1. HSE frequently wishes to disclose information to the public, or a section of the public, which has been obtained in the course of its statutory functions pursuant to HSWA and the "relevant statutory provisions1".
2. HSE's policy is to disclose information which will serve a positive health and safety purpose, where such disclosure would be for one of the purposes in section 1(1) of HSWA, which include securing the health, safety and welfare of persons at work and protecting persons other than those at work against risks to health and safety arising out of the activities of persons at work. HSE policy is to make information available when it is necessary to counter an immediate risk to health and safety.
3. HSE can, therefore, disclose information it has acquired, unless:
- the law prohibits or restricts disclosure;
- the information falls within a category of information which is exempted from disclosure under the Freedom of Information Act 2000 (FOIA)2.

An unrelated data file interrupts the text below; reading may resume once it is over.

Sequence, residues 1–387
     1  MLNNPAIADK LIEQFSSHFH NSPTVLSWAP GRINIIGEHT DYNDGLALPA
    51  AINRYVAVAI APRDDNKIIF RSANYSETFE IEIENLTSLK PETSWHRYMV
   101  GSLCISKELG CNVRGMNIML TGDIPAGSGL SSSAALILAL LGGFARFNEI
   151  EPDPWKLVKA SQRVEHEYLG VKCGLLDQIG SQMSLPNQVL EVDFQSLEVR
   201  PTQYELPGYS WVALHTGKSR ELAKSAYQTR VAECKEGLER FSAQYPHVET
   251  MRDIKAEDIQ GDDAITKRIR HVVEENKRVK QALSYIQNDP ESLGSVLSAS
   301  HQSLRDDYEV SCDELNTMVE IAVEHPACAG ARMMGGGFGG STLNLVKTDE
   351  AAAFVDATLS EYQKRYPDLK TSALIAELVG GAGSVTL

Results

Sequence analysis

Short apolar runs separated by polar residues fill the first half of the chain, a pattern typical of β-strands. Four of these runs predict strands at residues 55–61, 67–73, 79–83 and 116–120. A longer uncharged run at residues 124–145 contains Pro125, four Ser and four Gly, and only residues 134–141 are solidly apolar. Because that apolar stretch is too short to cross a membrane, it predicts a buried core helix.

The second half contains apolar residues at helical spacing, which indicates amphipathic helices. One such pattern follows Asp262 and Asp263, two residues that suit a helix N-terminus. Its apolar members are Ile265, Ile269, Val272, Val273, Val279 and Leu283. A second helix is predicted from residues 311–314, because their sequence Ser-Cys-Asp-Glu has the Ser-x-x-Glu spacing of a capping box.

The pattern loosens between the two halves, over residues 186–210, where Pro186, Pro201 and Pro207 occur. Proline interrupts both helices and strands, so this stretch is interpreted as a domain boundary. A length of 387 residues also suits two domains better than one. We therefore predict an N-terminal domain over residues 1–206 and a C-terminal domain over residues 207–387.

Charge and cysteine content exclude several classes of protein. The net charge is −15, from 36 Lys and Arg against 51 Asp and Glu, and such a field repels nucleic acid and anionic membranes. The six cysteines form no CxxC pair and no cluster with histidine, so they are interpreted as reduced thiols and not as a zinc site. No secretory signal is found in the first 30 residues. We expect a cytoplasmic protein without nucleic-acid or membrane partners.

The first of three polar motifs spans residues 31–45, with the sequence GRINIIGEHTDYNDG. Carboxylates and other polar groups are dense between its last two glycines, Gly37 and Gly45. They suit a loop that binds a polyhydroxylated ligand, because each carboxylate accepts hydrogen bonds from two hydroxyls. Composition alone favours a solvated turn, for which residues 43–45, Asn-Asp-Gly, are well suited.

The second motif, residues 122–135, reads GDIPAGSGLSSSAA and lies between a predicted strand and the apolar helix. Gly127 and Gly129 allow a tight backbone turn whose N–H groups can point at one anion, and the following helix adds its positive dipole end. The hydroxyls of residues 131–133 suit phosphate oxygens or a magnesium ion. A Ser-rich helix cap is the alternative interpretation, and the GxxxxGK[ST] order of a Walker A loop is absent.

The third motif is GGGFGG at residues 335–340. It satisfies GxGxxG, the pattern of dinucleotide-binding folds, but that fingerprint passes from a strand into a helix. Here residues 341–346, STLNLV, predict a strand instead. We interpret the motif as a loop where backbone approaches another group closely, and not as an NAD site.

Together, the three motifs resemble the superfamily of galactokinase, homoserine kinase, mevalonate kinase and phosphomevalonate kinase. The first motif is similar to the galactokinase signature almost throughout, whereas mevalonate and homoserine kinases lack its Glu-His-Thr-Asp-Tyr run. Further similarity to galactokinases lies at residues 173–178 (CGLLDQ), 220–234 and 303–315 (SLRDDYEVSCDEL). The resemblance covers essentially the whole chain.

4.All HSE staff should be aware of the harm that can be caused by making unlawful or improper disclosure of information in their possession. However, at the same time, HSE may be expected, or indeed required, as a regulator to provide information to employers, employees and the public for the purpose of protecting their health and safety. On occasions, this may (or may appear to) conflict with HSE's duty to ensure that defendants (and potential defendants) are able to receive a fair trial and that prosecutions are not prejudiced because of adverse pre-trial publicity.
5. You will need to have in mind not only the restrictions on disclosure found in section 28 HSWA, but also many other statutory and common law prohibitions or restrictions on the disclosure of information. This section cannot deal with all of these, but will outline the main ones.